Update (Jan. 13, 2:45 p.m.): The Illinois General Assembly passed the sweeping criminal justice reform bill, HB3653, that included a provision narrowing the state’s murder statute. The bill has been sent to Gov. J.B. Pritzker’s desk for approval.
Illinois lawmakers are considering changing a controversial rule that allows individuals to be charged with murder when they commit certain felonies that lead to someone’s death.
Under current Illinois law, defendants who commit forcible felonies, including robbery, burglary, criminal sexual assault, and arson can be charged with first-degree murder when someone is killed in the course of those crimes—even if the defendant did not directly cause the death.
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Under the so-called felony murder rule, prosecutors charged, convicted, and sentenced Marshan Allen to life in prison for a murder that occurred when he was 15. Though Allen stole the van used to get to and from the crime scene, it was his older co-defendants who shot and killed two men at an apartment on Chicago’s South Side in 1992.
Advocates for criminal justice reform have long advocated narrowing the law, which they say is excessively broad and punitive.
In Illinois, the felony murder rule serves as “a major engine of mass incarceration in the state,” said Steven Drizin, co-director of the Center on Wrongful Convictions and clinical professor of law at Northwestern Pritzker School of Law.
“Because the punishment gap between a murder sentence and a sentence of a lesser felony is so extreme, you keep people locked up for much longer periods of time than they need to be,” said Drizin.
Changes to the definition of “felony murder” are part of the sweeping criminal justice reform package being pushed by the Illinois Legislative Black Caucus during the General Assembly’s lame-duck session, which ends Wednesday.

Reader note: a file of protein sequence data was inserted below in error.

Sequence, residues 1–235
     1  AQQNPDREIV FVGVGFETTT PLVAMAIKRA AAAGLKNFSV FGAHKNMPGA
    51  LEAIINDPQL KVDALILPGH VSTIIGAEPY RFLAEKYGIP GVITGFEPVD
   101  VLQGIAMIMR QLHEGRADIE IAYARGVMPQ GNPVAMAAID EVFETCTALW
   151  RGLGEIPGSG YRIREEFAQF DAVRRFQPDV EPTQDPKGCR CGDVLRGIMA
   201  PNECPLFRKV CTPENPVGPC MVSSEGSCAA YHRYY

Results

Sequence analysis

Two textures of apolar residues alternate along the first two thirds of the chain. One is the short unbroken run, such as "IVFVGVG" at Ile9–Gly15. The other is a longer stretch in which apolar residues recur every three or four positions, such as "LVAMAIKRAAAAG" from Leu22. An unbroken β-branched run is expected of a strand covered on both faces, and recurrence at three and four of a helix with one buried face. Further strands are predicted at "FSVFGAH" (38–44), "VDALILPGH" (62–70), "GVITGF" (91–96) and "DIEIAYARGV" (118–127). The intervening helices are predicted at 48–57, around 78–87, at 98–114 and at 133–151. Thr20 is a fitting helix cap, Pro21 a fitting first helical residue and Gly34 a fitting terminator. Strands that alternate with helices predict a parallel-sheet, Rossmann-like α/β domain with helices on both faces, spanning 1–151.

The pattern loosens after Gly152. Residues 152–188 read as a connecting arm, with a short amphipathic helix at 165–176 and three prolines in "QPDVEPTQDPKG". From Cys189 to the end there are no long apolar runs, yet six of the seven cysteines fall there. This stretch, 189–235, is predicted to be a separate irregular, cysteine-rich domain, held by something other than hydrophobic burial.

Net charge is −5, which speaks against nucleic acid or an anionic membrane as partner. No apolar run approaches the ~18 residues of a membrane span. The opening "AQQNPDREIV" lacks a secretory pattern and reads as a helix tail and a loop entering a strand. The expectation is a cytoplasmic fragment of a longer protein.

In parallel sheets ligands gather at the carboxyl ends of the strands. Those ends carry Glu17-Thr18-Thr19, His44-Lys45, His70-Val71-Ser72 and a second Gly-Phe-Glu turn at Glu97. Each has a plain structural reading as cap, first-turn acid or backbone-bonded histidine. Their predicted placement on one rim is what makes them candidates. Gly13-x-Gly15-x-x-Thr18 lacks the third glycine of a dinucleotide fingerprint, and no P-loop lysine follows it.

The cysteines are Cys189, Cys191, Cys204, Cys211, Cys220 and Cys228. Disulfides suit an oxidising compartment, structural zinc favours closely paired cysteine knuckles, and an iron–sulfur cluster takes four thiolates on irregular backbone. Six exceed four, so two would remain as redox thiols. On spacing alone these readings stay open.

If passed, the bill will ban prosecutors from filing first-degree murder charges in cases where defendants did not commit the act or know it would occur, or where the death was caused by a third party. These amendments will bring Illinois’ felony murder statute, one of the broadest in the nation, in line with those in dozens of other states. The changes are not retroactive.
Juvenile justice impact
Because juveniles often commit crimes in groups, Illinois’ current felony-murder statute has had an outsized effect on young people, according to Drizin.
In one high-profile 2019 case, prosecutors in Lake County, Illinois, charged five teens with the murder of their 14-year-old friend, who was shot and killed by a homeowner as the youth allegedly attempted a burglary. The controversial charges were eventually dropped against the teens, known as the “Lake County Five.”
Under the current statute, individuals fleeing arrest have also been charged with the murder of bystanders and accomplices killed by police during the chase. In a 2016 investigation, the Chicago Reader identified 10 cases between 2011 and 2016 where killings by police and sheriffs led to felony murder charges against civilians.
State Sen. Robert Peters (D-Chicago) first proposed changes to the felony murder statute in a 2019 bill referred to the Assignments committee last spring.